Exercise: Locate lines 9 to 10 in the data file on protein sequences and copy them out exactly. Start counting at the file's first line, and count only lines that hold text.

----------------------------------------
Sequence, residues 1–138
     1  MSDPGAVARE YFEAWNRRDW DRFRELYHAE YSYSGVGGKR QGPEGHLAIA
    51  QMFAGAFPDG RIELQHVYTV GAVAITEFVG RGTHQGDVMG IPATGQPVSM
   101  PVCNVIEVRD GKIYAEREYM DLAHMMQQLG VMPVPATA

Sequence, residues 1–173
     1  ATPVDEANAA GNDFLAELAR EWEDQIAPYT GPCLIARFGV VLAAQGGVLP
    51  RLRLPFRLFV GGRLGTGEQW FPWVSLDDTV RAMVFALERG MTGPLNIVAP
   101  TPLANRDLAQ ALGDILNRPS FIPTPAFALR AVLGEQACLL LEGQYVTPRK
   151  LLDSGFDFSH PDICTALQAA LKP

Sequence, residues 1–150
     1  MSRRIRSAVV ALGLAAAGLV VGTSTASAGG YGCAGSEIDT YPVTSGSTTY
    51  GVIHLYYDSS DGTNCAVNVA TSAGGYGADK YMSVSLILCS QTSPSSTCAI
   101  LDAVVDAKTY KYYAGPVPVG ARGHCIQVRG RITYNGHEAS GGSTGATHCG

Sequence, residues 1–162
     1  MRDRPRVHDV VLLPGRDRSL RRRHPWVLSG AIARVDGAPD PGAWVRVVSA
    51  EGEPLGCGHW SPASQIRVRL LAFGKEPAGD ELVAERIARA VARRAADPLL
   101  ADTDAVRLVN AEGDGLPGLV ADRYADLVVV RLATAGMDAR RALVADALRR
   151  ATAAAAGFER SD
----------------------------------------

   151  LLDSGFDFSH PDICTALQAA LKP

Sequence, residues 1–150